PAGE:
A surfeit of modesty

Reuters

US President Barack Obama meets with his national security staff to discuss the situation in Syria in the Situation Room of the White House in Washington, in this photo taken August 30, 2013.

Article Highlights

  • Obama's retreat into virtue has become distinguishing feature of president's natsec policy

    Tweet This

  • White House in no mood to reassess its Middle East strategy unless it is to accelerate pace of retreat

    Tweet This

  • With Clinton, Gates, Petraeus out, Obama has all but eliminated dissenting opinions

    Tweet This

Whether it’s “pivoting” or “rebalancing,” the Obama administration’s unceasing efforts to turn retreat into a virtue – particularly when it comes to the Middle East – have become a distinguishing feature of this president’s national security strategy.

The New York Times’ weekend account of its interview with Susan Rice, wherein the national security adviser spins the Syria fiasco as a kind of “midcourse correction,” marks a new chapter in the leading-from-the-rear saga. In elaborating on the president’s recent speech to the U.N. General Assembly, Rice explained that the administration “can’t just be consumed 24/7 by one region, important as it is. [President Obama] thought it was a good time to step back and reassess, in a very critical and kind of no-holds-barred way, how we conceive the region.”

In fact, the White House is in no mood to “reassess” its Middle East strategy, unless that means to accelerate the pace of retreat.  The direction of Obama strategy has been remarkably consistent, even to the point of poisoning his Afghanistan “surge” by setting a deadline for withdrawal. Even Times reporter Mark Lander acknowledged that this “more modest approach…raises doubts about whether Mr. Obama would ever again use military force” to pursue what have long been understood as U.S. interests in the Middle East.  A fair enough question, since Susan Rice, who pushed for intervention in Libya, is supposed to be one of the more hawkish in Obama’s inner circle.  

But it’s clear that the president wants a very tight “inner circle” of security advisers, and to drive even that process. It’s been noted that no one outside the White House participated in this most recent “midcourse correction.”  Certainly not Secretary of State John Kerry or Secretary of Defense Chuck Hagel.  With Hillary Clinton, Robert Gates, and David Petraeus out of the way, the president has all but eliminated any dissenting viewpoints.  Everyone’s now on board with the more modest approach.

But what is most striking about the Obama approach is its failure to understand the global nature of American power.  The United States does not really have the luxury of “pivoting” away from unpleasant but essential elements of international balance of power, and the Middle East, for all its problems, is unquestionably one of those essential elements.  Obama’s attempt to “reconceive” America’s role in the Middle East is, inevitably, a measure that will unbalance the international system.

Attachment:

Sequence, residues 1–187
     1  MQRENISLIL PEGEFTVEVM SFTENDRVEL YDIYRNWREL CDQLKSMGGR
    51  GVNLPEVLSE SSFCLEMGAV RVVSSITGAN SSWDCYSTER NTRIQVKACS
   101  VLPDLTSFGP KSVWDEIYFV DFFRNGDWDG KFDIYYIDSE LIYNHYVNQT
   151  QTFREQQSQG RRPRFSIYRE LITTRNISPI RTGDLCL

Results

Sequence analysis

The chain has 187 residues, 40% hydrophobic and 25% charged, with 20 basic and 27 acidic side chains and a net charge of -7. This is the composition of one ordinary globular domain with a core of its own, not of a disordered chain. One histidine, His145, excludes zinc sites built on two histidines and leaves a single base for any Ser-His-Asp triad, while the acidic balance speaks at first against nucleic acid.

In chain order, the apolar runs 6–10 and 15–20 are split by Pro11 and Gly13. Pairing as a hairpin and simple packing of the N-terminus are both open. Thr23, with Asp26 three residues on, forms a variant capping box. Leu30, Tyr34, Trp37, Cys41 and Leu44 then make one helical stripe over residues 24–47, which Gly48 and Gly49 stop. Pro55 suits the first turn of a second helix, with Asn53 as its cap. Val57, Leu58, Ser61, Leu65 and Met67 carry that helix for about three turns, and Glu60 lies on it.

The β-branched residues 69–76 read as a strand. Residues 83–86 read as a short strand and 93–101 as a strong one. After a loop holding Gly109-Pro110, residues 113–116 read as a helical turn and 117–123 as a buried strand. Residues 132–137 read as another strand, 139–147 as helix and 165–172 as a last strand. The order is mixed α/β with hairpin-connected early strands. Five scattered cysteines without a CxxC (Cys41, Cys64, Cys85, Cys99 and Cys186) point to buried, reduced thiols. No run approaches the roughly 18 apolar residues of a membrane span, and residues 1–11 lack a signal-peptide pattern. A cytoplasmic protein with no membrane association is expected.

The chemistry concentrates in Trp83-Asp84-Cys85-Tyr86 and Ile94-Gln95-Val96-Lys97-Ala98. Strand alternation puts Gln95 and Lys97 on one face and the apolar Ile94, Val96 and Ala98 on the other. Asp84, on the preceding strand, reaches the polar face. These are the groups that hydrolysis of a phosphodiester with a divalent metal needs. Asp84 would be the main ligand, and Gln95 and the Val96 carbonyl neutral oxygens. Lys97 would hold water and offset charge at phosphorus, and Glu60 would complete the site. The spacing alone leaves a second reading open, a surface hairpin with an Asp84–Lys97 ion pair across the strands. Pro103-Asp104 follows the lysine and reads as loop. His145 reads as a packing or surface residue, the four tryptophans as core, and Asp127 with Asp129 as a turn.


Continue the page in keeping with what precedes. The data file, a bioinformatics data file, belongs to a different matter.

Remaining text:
Alas, the Times article, and the diplomatic press corps in general, is content simply to chart the twists and turns of current administration policy.  To compare Obama today to Obama yesterday is to miss the main point.  The correct comparison is to his predecessors since 1945, and to see that Obama is rapidly dismantling what’s been built since then.

Also Visit
AEIdeas Blog The American Magazine
About the Author

 

Thomas
Donnelly

What's new on AEI

AEI Election Watch 2014: What will happen and why it matters
image A nation divided by marriage
image Teaching reform
image Socialist party pushing $20 minimum wage defends $13-an-hour job listing
AEI on Facebook
Events Calendar
  • 20
    MON
  • 21
    TUE
  • 22
    WED
  • 23
    THU
  • 24
    FRI
Monday, October 20, 2014 | 2:00 p.m. – 3:30 p.m.
Warfare beneath the waves: The undersea domain in Asia

We welcome you to join us for a panel discussion of the undersea military competition occurring in Asia and what it means for the United States and its allies.

Tuesday, October 21, 2014 | 8:30 a.m. – 10:00 a.m.
AEI Election Watch 2014: What will happen and why it matters

AEI’s Election Watch is back! Please join us for two sessions of the longest-running election program in Washington, DC. 

Wednesday, October 22, 2014 | 1:00 p.m. – 2:30 p.m.
What now for the Common Core?

We welcome you to join us at AEI for a discussion of what’s next for the Common Core.

Thursday, October 23, 2014 | 10:00 a.m. – 11:00 a.m.
Brazil’s presidential election: Real challenges, real choices

Please join AEI for a discussion examining each candidate’s platform and prospects for victory and the impact that a possible shift toward free-market policies in Brazil might have on South America as a whole.

No events scheduled this day.
No events scheduled today.
No events scheduled this day.
No events scheduled this day.